Sunday, January 30, 2011

How the Catholic Church Survives Scandals

While this post focuses on the Catholic Church and its recent troubles, you will find that the general principles are applicable to all churches.  The Catholic Church has much more experience using these tactics, however, and uses them almost as a matter of habit (no pun intended).

My observations have led me to think that there is something truly rotten at the heart of the Catholic Church.  This is really not surprising.  As Lord Acton said with regard to the decision to assert Papal Infallibility in 1870 (just as the Church was losing its lands and thus its status as a truly independent principality):

"Power tends to corrupt, and absolute power corrupts absolutely."

The Catholic Church has possessed incredible power for more than a millennium.  Even Kings were forced to obey it.  Such a history can only result in corruption.

I have not reached any kind of judgment based solely on news reports of priest pedophilia.  Likewise, I do not reach these conclusions based on my disagreements with the church over political and religious matters.  I can and do disagree with people and institutions without coming to negative conclusions about their character--though I have noticed that many religious people can't seem to do the same.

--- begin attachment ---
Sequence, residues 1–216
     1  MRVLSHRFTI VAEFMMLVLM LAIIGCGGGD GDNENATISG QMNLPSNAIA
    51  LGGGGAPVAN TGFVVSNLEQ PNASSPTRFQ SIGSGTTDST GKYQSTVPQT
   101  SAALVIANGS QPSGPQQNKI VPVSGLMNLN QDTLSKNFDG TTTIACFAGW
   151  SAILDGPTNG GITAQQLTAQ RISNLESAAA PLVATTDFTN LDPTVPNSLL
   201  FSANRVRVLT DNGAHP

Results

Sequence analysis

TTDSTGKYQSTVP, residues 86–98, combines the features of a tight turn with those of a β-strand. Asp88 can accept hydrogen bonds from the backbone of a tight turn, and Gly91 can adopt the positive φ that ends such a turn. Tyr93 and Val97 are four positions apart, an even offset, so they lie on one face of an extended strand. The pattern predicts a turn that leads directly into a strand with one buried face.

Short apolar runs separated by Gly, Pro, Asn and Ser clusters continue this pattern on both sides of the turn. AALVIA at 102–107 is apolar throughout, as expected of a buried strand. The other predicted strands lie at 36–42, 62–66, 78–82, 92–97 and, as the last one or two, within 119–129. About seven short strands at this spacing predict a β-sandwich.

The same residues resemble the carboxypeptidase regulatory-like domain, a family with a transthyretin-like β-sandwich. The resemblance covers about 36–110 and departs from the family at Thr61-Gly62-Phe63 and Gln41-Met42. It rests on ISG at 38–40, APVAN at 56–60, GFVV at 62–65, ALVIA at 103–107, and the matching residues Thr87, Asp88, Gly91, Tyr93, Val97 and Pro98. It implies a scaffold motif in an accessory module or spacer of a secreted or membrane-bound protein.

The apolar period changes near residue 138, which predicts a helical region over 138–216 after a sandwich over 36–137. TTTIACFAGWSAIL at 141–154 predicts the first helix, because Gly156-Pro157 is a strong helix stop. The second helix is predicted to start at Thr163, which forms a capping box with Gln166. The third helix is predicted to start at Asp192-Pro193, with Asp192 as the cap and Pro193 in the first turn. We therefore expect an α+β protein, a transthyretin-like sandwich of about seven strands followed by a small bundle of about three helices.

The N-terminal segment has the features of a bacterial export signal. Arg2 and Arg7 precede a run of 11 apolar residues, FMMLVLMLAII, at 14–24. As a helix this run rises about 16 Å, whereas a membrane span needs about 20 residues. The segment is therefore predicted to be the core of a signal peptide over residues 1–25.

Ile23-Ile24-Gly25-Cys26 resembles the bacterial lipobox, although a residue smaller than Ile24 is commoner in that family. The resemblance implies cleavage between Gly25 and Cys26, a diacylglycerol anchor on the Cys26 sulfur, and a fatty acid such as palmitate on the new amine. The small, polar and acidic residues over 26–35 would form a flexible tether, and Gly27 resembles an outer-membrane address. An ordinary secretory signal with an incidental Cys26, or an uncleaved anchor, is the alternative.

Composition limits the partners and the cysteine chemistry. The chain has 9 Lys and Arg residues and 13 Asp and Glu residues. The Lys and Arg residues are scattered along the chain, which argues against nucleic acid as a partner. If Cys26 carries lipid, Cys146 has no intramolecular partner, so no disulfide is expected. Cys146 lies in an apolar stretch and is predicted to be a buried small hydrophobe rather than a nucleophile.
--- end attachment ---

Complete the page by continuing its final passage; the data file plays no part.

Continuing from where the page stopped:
I do not think that all Catholics are bad.  I have numerous friends and relatives who are Catholic.  I have gotten to know a number of Catholics both in my personal life and at work.  I have met Catholics who seem very decent people.  Like any large group of people, some are good and some aren't.

Unfortunately, I have met a number of others who could teach Machiavelli a thing or two.  I don't think that is an accident.  I think they are taught, both explicitly and implicitly, to be that way.  I think that is the very nature of the Church, and its character is passed on to its members, many of whom are completely educated by the Church.

I have also read a great deal about the Church's official attitudes on things like free speech and free thought.  The Church is against both--officially and publicly--though it doesn't say so in such blunt terms.  But, what can you expect from such an avowedly authoritarian, totalitarian organization?

In fact, there are so many indisputable facts about the Church, such as its complicity in the actions of the Nazis, that are shocking and repulsive, that those seemingly decent Catholics I have met leave me wondering if they know the truth about the organization.  Are they just deluding themselves, like they delude themselves about the priest pedophilia?  Or worse, are they fully aware of these things and choose to remain in the Church?  Personally, any of these things would be enough to make me want to leave any organization to which I belonged.

Like many dark things in the Church's character and history, the pedophilia scandal has been covered up for decades or even centuries.  The prevalence of pedophiles amongst the priesthood has been common knowledge for a very long time.  Only those who could not face the truth denied it.  The "recent" scandals are only recent in the sense that the public and the authorities are no longer willing to let the Church cover it up.